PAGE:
Posted: March 12, 2015
When you move into a shared apartment, you have more than just yourself to think about. While it takes some time getting used to living with other people, one thing that needs to be discussed right away is home security. This means deciding on the right amount and type of security, as well as maintaining points of contact.
Who will be the main point of contact for the security provider? Discuss this with everyone signing the lease, and make sure that the chosen person is comfortable with it. This person will be the first one contacted in case of an emergency in the apartment building, a theft or break- in, or whenever the apartment needs something. This will also mean that they will be called first if the apartment management needs to speak to anyone in the house for any reason.
Involve everyone in the apartment in a discussion about security and guidelines for sharing the living space. Whether you live with one roommate or several, everyone should have a say about what they need to feel comfortable at home. This starts by establishing basic ground rules about personal property. For instance: one rule may be that while one roommate is away, other roommates should not let outsiders into that roommate’s personal space. While you’d hope that everyone who walks into your apartment is trustworthy, having multiple roommates will make it difficult for you to know everyone who walks in the door.
After going over basic privacy rules, it’s time to discuss what extra forms of security everyone needs in order to feel safe from any intruders. This can mean a system that incorporates sensors throughout the entire house/apartment or even just extra locks on the main door. There are many modern gadgets, like Canary™, that sync with your smartphone and allow you to personally monitor video feeds and motion sensor activity. Of course, other roommates may see this as an invasion of privacy, and they may not want that level of security. Research different kinds of home security and reach a consensus on the type and level of security you want.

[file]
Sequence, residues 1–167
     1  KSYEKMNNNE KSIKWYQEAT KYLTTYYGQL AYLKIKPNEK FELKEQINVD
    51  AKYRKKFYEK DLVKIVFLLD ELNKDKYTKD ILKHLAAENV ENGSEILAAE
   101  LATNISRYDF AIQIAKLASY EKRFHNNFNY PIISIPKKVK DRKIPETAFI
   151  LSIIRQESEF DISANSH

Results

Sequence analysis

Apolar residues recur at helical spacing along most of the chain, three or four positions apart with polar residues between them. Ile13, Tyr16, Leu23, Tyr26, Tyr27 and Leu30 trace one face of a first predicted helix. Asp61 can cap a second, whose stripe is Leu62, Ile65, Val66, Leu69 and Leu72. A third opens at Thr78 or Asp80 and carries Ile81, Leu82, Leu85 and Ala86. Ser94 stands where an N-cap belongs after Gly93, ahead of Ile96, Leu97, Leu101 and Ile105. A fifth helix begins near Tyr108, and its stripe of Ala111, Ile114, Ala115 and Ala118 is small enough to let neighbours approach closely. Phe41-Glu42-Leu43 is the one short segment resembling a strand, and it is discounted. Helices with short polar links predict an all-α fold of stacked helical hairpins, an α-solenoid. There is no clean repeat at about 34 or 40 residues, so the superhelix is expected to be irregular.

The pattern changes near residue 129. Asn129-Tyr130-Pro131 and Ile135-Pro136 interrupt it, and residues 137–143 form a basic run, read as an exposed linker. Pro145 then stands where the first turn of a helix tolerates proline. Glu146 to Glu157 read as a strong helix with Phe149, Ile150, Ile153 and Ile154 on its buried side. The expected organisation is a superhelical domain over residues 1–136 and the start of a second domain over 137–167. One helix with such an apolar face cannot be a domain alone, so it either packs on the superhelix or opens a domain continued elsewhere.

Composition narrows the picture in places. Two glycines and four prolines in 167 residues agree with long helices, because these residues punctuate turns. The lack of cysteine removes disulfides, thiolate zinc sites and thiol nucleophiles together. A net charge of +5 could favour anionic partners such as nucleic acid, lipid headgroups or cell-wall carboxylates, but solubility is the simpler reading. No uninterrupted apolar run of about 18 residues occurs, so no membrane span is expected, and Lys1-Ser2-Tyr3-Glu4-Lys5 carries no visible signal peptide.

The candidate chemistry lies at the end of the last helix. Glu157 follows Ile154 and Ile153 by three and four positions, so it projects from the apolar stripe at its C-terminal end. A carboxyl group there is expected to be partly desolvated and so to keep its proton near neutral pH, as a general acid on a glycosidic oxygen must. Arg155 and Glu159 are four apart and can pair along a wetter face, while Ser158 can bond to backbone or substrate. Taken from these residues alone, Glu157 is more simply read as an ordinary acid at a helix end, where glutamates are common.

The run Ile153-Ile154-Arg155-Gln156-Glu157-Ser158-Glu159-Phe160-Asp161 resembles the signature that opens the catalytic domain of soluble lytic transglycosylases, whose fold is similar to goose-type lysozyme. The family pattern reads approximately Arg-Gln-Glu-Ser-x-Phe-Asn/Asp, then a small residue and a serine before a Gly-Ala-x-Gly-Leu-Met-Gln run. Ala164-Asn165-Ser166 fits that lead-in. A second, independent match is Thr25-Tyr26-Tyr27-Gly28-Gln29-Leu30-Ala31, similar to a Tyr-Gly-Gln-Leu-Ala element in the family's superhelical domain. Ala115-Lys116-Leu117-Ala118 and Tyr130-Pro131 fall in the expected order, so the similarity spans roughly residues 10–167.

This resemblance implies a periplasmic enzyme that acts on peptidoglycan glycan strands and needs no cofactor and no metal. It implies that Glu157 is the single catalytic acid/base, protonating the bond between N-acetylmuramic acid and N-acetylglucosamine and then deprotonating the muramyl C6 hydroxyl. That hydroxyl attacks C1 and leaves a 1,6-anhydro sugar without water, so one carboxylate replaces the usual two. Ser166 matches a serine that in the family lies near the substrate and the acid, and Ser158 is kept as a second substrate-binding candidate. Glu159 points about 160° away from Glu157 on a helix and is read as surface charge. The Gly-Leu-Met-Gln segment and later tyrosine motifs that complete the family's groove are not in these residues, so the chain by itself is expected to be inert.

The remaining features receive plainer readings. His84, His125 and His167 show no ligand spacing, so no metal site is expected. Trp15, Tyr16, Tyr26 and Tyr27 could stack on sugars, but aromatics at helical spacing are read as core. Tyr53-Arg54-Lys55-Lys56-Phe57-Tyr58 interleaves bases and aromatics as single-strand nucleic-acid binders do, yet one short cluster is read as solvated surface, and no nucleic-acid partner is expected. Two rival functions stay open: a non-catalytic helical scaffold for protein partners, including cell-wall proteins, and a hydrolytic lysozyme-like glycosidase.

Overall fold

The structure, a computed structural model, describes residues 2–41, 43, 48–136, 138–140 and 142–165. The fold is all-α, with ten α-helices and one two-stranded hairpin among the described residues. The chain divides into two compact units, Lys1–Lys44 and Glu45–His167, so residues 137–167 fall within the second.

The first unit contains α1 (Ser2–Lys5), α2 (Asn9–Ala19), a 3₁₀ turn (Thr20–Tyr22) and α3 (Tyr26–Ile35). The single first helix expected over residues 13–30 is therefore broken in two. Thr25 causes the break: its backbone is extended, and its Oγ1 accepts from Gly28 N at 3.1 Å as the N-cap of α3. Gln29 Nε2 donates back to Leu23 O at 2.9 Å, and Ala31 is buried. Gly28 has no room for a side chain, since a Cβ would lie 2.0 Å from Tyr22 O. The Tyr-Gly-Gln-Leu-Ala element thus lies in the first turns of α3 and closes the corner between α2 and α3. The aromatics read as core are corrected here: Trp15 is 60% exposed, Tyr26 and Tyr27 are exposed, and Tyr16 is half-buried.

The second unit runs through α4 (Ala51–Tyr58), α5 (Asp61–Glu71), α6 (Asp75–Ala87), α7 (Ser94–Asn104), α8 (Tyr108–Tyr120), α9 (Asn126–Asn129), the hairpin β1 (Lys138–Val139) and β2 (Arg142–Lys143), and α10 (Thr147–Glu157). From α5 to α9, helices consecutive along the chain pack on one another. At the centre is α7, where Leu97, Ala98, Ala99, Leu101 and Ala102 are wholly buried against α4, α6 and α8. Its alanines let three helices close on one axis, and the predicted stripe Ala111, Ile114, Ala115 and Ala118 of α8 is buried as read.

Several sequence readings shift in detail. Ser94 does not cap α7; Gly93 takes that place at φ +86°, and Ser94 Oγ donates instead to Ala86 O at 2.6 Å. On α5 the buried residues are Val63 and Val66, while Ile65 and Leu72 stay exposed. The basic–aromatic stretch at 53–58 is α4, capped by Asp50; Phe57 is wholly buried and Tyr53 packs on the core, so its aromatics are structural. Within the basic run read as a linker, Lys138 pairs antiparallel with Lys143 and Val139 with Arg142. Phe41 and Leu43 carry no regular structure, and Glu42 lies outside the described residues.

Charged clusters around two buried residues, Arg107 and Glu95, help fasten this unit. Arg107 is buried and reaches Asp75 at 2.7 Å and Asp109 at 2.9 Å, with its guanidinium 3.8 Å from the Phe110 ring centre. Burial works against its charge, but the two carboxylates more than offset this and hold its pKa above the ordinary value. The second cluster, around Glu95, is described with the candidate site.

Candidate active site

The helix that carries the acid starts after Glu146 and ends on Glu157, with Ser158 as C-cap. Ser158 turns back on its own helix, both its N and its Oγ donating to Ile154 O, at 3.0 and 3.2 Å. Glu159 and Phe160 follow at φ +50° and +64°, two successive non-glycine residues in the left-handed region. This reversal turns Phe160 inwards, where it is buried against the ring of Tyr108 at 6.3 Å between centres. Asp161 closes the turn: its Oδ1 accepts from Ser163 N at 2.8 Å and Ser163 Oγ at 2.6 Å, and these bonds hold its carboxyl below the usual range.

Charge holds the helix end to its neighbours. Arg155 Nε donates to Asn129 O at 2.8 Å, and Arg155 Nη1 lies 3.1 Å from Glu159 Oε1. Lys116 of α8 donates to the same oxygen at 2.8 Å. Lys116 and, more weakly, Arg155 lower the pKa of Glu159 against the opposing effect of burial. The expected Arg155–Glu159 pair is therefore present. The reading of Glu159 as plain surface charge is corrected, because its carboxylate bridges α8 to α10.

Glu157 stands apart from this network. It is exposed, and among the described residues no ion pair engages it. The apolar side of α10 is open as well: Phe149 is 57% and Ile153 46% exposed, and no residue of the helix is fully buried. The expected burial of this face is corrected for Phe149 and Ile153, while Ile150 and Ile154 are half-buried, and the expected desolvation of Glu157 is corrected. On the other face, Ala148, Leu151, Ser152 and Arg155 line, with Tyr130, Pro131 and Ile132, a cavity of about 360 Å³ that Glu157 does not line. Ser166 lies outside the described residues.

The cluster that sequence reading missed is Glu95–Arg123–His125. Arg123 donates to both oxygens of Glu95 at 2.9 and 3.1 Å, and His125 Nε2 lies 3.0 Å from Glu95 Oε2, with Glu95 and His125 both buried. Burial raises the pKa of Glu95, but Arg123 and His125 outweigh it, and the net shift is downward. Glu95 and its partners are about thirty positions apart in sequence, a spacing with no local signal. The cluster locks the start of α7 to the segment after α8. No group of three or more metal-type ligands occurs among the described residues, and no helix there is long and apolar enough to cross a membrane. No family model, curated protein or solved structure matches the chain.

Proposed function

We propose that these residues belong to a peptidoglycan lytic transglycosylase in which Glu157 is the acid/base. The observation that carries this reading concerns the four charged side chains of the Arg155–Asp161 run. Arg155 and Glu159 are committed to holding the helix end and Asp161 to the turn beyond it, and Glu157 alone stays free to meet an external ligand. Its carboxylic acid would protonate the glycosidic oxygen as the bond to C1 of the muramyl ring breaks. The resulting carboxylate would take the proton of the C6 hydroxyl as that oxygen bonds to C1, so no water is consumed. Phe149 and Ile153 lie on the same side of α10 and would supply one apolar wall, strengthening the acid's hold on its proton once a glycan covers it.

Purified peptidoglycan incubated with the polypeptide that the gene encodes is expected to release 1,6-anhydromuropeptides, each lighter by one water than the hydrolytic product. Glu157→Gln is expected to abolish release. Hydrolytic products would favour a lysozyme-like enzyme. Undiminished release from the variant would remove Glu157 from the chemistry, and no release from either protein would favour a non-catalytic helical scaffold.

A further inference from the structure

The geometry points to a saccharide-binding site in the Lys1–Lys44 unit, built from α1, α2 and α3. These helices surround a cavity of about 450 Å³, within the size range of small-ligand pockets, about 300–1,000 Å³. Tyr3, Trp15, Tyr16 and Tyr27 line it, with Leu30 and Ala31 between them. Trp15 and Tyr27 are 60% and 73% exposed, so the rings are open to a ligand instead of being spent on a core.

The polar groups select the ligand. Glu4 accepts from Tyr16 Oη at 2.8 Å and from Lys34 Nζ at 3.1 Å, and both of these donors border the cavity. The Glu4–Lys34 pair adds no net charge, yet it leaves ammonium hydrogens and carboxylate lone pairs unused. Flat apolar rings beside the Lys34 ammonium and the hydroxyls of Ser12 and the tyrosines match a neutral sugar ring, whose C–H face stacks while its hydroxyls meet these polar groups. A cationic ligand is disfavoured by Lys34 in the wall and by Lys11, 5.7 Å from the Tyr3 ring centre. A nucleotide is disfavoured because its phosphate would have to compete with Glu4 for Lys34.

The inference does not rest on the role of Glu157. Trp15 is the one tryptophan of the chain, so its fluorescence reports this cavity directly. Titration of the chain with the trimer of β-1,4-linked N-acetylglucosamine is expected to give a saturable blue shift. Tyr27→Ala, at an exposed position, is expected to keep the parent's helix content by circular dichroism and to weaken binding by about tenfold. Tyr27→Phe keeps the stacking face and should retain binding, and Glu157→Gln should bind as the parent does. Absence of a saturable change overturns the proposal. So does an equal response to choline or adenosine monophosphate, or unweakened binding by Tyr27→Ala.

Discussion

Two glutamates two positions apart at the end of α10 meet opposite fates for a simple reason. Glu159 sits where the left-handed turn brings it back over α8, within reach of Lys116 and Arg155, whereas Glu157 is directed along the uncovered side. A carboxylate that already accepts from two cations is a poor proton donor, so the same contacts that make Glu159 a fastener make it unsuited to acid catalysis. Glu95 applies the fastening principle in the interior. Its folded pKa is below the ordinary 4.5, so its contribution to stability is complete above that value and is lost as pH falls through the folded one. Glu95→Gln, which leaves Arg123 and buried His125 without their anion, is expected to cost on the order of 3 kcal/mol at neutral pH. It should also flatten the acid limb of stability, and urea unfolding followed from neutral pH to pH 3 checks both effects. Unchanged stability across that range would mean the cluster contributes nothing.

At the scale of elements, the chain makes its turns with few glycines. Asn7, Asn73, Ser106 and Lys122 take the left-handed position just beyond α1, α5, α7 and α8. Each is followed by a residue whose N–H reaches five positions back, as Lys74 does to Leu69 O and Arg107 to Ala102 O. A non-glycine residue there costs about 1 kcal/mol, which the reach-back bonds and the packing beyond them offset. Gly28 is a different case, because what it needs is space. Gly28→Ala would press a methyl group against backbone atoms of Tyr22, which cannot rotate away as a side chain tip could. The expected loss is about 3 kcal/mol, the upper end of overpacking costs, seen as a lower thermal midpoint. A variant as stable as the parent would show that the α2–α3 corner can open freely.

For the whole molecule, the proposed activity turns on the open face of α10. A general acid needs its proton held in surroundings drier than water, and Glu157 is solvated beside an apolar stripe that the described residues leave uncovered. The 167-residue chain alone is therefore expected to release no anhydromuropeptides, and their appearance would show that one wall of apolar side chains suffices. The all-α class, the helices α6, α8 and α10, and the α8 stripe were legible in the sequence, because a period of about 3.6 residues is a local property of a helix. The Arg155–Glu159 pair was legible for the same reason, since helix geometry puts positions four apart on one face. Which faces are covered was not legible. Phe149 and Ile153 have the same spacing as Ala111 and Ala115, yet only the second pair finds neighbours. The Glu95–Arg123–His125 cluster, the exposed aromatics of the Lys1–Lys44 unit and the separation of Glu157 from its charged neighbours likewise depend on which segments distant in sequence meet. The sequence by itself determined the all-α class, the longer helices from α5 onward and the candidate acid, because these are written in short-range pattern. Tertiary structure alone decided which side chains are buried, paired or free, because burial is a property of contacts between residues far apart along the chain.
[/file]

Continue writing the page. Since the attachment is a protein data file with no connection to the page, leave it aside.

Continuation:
Home security can be as simple as this: limiting access to house keys to those who live in the house or apartment. You and your roommate(s) could agree not to make extra keys for significant others. Sure, they may want to give them access whenever they need it, but the more keys in circulation, the higher the chance that one gets lost. Anyone could then find that key and trace it back to your home. If you have keypad locks on any doors or entry points, keep the password only between you and your roommate(s). Make the password easy to remember, but not easily figured by any outsiders. This means avoiding pins like ‘1234’ and ‘1111.’
It’s one thing to leave the apartment while a roommate is still home and leave the door unlocked. However, if you’re the last one out, you should lock the door for security. This is an obvious component of helping to keep your home secure. The door should also be locked every night when everyone is off to bed. This helps prevents any possible burglars from walking in while everyone is asleep. If your apartment has a patio or balcony, you should also make sure those doors are shut and locked, even if you live on a second or higher floor.
Sharing a living space with another person can be a challenge, but the first step to feeling comfortable with your new roommates is to set some ground rules and work as a team to determine a home security plan.